BlogOwner (“BO“) is making her way through Nancy Mitford’s 8 novels, first of which is Highland Fling, which BO has just finished reading.
Published in 1931, Highland Fling is her (Nancy Mitford’s) debut novel, and unfortunately it does somewhat feel that way – a first “attempt” of sorts. Normally she (BO) abandons a book if it doesn’t engage her within the first 100 pages (her 100 Page Rule) (because, sorry, but decisions on sunk cost are not being made here). However, this book turned out to be educational in some ways, so she carried along.
BO had been reading up about the Mitford sisters for a while, and wanted to dig into some of Nancy Mitford’s beloved works like The Pursuit of Love and Love in a Cold Climate. However, it was quite hard to find well priced paperbacks in the Indian market. Nancy is not one of those ubiquitous English authors here, so well, one had to look. Finally, she stumbled into an omnibus publication!!! All 8 Nancy Mitford novels, published in one paperback volume, for under Rs. 1000? Yes, please.
As expected, of course, the volume is quite unwieldy, and does not make for a good travel companion (which is a shame, because these books are perfect for entertaining, holiday reading). Also, the type is pretty small, with very tight line spacing. One can safely assume 1 page of the omnibus would translate into 1.8 – 2 pages of a modern paperback. However, all of this was expected from a volume which comes with eight, EIGHT novels in one value-for-money volume.
Having laid her paws on this little (only metaphorically) volume, BO decided to read them in order of publication.
First up, was Highland Fling. Most of the humour felt a little forced, and too cutting – you will understand when you read it. The story doesn’t quite go anywhere (which is usually not a problem for BO when the narrative is strong). You keep waiting for something to happen, but nothing much really does.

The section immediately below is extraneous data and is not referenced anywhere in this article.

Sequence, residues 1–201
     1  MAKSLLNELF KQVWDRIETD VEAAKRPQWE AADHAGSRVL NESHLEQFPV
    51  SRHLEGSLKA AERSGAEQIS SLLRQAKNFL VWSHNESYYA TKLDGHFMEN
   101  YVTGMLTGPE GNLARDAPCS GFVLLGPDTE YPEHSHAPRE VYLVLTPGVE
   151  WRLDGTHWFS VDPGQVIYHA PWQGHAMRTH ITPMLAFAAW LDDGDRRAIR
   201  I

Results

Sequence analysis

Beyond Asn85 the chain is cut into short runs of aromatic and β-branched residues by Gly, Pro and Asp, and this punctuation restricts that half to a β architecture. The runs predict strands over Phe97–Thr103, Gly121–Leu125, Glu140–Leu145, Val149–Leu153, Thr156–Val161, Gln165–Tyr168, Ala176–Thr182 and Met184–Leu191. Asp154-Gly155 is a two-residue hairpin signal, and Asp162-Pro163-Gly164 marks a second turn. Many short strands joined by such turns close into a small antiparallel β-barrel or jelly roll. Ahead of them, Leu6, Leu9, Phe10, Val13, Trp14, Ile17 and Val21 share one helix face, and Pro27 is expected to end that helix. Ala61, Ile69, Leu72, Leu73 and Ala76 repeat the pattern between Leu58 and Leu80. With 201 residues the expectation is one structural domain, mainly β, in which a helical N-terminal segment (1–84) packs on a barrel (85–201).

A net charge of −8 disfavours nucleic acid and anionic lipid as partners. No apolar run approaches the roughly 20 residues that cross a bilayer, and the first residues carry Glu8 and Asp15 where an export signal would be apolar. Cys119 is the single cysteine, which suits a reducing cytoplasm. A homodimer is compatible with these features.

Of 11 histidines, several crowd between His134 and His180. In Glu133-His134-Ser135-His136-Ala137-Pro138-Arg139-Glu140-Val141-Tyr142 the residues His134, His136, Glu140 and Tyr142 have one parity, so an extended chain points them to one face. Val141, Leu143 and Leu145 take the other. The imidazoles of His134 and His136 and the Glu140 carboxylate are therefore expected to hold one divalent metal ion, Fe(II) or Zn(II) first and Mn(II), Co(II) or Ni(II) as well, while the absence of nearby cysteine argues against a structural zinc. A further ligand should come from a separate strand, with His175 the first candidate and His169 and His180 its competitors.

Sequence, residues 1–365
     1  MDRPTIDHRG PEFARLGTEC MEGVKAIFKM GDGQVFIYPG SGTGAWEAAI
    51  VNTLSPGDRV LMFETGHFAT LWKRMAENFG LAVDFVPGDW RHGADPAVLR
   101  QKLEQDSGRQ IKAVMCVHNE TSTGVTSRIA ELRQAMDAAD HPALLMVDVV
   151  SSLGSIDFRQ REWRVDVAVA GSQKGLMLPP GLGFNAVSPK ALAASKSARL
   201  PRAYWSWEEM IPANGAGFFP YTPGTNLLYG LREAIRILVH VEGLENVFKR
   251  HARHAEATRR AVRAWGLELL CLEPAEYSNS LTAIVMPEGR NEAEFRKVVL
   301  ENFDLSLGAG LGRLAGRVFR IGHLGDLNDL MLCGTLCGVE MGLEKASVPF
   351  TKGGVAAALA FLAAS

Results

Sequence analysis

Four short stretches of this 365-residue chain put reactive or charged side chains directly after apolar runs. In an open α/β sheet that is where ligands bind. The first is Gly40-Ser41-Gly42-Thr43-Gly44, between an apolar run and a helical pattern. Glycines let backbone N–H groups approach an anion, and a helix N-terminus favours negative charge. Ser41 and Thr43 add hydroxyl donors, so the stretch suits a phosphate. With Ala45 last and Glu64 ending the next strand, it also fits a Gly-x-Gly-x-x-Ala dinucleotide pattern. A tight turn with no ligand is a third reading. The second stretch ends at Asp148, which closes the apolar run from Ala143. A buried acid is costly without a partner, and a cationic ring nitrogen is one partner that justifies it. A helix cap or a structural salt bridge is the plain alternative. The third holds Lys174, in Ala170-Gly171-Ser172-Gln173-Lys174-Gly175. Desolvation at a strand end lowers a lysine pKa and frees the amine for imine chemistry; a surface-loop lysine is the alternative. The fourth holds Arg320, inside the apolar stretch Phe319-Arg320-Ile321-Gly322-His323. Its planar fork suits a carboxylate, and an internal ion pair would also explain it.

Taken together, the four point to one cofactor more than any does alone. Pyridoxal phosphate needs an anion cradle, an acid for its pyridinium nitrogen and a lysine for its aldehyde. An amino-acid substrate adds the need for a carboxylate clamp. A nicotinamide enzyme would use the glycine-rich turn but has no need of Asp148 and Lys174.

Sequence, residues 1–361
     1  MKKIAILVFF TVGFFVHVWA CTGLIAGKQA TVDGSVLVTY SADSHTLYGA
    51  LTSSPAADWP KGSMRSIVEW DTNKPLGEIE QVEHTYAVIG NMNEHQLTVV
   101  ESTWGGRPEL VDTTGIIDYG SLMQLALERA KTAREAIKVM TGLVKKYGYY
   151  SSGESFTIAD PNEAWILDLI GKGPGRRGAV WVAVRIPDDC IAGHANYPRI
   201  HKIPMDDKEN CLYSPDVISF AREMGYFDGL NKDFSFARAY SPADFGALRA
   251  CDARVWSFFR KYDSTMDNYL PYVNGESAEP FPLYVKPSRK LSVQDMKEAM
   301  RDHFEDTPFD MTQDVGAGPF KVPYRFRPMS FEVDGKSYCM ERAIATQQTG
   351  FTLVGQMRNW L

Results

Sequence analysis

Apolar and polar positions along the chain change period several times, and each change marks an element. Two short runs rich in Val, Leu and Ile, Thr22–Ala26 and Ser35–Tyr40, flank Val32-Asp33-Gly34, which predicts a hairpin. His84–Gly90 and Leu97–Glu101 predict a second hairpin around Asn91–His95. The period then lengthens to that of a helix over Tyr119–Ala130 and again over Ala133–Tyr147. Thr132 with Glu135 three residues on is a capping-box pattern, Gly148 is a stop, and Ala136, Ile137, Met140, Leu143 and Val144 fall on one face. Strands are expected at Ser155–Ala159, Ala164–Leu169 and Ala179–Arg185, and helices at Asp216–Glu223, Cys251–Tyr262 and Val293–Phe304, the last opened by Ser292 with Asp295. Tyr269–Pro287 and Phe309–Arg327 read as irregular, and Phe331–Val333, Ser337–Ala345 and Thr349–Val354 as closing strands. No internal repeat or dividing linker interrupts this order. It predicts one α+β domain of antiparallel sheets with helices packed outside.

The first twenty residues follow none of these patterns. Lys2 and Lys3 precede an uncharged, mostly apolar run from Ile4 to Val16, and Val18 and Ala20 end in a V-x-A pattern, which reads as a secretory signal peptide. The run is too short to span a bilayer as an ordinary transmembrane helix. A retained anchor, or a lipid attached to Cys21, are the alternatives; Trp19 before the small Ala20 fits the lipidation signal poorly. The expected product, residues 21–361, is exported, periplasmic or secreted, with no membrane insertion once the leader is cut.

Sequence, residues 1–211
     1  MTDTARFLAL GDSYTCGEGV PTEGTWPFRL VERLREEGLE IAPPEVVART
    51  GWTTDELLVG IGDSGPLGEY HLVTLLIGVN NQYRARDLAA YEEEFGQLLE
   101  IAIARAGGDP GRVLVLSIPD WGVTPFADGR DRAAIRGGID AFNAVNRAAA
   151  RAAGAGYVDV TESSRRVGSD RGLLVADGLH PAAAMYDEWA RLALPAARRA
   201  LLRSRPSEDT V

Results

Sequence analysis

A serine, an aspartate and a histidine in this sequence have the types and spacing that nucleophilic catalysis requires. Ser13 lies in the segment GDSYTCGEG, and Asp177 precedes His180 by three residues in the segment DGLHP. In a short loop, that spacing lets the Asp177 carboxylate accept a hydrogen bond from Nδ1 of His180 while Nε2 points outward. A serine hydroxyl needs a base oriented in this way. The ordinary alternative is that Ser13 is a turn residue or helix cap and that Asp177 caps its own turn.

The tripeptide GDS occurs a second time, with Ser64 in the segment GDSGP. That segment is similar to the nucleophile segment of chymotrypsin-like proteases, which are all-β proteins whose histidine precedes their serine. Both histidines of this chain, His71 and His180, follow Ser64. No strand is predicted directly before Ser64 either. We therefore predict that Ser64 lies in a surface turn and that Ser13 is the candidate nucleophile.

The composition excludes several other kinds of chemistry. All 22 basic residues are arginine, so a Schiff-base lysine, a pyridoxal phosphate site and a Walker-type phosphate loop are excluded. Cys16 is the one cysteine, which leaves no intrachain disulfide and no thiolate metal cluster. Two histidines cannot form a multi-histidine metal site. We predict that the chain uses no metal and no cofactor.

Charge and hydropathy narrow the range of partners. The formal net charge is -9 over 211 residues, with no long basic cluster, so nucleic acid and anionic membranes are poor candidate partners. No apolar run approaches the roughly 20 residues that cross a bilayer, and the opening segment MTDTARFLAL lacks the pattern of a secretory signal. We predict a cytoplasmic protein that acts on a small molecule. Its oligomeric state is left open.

The characters are strong and well developed, and it gives a little glimpse into the world of the aristocratic society of pre-Second-World-War Britain. There are interesting observations to be made, and BO found it rather educational (as she is not a British lady from that era, or any era). Fans of Downton Abbey will appreciate it, although of course, that was set in the Edwardian era, it is interesting to note the difference in sentiments between generations.
There were some “darker” themes explored with regard to war, particularly the views of the two generations in the book towards it. BO has been reading some other books set in that time frame (Rilla of Ingleside by Lucy Maud Montgomery – which had to do with the First World War), so it was particularly engaging for her. It’s also quite fascinating in context of the events of the past couple of months here in India – where much discussion about war has taken place.
Coming back to Highland Fling, BO wouldn’t really recommend it to others, EXCEPT if they exhibit a particular interest in that period in Britain, or they are a completist.
Here’s hoping Christmas Pudding (the next in line) is better 🙂
Happy to report that Blogowner (“BO“) finished this little gem a couple of weeks back – Love, Nina by Nina Stibbe – and can’t wait to get into more of Nina’s writing. It’s a collection of letters that Nina wrote to her sister back in the 1980s when she was nannying for Mary Kay Wilmers of London Review of Books fame.
It’s interesting to note how she came about to publish these letters. Turns out she read out one of these at a party to honour Mary Kay, and MK being the literary type, there were many publisher types present. One of them reached out to Nina about the possibility of publishing the letters, to which MK said no the first time around. After a couple of years, she (Nina) was asked again, and this time MK agreed. So. Thank you MK!!